The Sciences

NASA shoots the Moon

Bad AstronomyBy Phil PlaitSep 29, 2010 3:30 PM


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Clearly defeated in their attempt to destroy the galaxy with a laser, NASA sets its sights somewhat closer and tries to destroy the Moon:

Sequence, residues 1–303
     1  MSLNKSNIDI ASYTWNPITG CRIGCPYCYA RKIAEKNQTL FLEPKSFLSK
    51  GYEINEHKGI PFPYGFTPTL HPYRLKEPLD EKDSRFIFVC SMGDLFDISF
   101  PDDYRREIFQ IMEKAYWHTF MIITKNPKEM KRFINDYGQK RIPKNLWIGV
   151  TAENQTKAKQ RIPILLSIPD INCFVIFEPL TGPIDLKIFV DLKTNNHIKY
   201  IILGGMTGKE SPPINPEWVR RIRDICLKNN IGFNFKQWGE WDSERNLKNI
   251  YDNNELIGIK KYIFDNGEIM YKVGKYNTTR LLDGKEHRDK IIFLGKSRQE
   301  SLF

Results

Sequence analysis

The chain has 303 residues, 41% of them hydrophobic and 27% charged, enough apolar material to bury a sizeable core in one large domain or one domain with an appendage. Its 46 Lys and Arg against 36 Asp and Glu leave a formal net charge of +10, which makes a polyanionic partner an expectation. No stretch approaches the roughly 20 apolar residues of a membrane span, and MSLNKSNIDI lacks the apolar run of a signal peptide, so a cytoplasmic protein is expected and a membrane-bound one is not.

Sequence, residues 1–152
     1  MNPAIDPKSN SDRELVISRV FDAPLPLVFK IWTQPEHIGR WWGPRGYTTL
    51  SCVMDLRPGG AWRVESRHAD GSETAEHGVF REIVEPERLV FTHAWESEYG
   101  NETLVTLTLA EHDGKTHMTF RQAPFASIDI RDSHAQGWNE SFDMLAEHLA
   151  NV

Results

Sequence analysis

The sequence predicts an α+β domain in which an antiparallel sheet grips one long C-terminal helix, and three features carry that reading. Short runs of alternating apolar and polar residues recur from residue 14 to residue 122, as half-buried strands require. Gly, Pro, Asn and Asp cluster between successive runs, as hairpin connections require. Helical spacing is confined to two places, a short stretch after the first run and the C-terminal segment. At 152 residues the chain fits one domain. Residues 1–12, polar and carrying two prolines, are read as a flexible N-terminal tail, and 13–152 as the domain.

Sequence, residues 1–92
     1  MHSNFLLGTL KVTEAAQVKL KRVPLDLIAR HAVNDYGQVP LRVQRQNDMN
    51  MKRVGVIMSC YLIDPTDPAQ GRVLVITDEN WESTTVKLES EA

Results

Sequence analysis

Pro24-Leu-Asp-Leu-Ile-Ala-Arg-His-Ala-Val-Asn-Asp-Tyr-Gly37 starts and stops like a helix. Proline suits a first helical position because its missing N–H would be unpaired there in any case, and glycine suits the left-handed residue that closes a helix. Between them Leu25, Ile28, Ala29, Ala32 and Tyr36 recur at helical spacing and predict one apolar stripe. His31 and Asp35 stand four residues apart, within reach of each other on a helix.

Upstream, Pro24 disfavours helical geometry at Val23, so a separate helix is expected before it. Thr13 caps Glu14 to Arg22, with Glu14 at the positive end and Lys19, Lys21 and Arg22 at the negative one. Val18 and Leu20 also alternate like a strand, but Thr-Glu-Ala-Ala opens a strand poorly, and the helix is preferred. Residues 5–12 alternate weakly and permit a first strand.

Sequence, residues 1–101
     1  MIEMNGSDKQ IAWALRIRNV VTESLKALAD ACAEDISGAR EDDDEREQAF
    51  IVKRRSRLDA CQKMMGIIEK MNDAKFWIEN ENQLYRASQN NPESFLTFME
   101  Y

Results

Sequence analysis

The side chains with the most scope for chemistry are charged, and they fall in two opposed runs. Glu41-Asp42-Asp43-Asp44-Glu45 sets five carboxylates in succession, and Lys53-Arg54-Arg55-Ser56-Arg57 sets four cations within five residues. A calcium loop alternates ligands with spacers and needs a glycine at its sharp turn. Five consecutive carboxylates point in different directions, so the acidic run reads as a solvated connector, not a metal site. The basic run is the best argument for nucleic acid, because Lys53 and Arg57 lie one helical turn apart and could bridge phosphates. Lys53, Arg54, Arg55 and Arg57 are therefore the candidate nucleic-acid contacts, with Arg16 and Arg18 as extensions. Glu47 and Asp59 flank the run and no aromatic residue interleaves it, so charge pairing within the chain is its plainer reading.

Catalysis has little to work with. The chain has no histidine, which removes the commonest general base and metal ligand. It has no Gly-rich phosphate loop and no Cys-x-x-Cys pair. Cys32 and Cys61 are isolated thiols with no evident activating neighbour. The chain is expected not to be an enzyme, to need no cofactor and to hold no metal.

Cooooool. Actually, while that is a laser, it's a bit too low power to do any damage to our friendly Moon. But it does have enough to help NASA track satellites! It's part of the Goddard Space Flight Center's Laser Ranging Facility in Maryland. We know the speed of light very accurately, so if you ping a satellite with a laser beam you can time the pulses and very accurately determine the satellite's position. In this case, two beams were being used to track the position of NASA's Lunar Reconnaissance Orbiter, one of my favorite space missions of all time (to see why, check out this gallery of images I posted recently). I used to work at Goddard, and I remember going to this facility once because it was a dark site from which I could try to spot a comet that happened to be passing us at the time. The laser was being used, and it was positively awe-inspiring and quite surreal to see it streaking up into the sky. And yes, they have to keep a careful eye out for airplanes and such flying past. While that beam isn't enough to melt a satellite, it's certainly enough to fry a pilot's eyes! Which is why you don't want sharks equipped with these things. Really, that's just asking for trouble. Image credit: NASA

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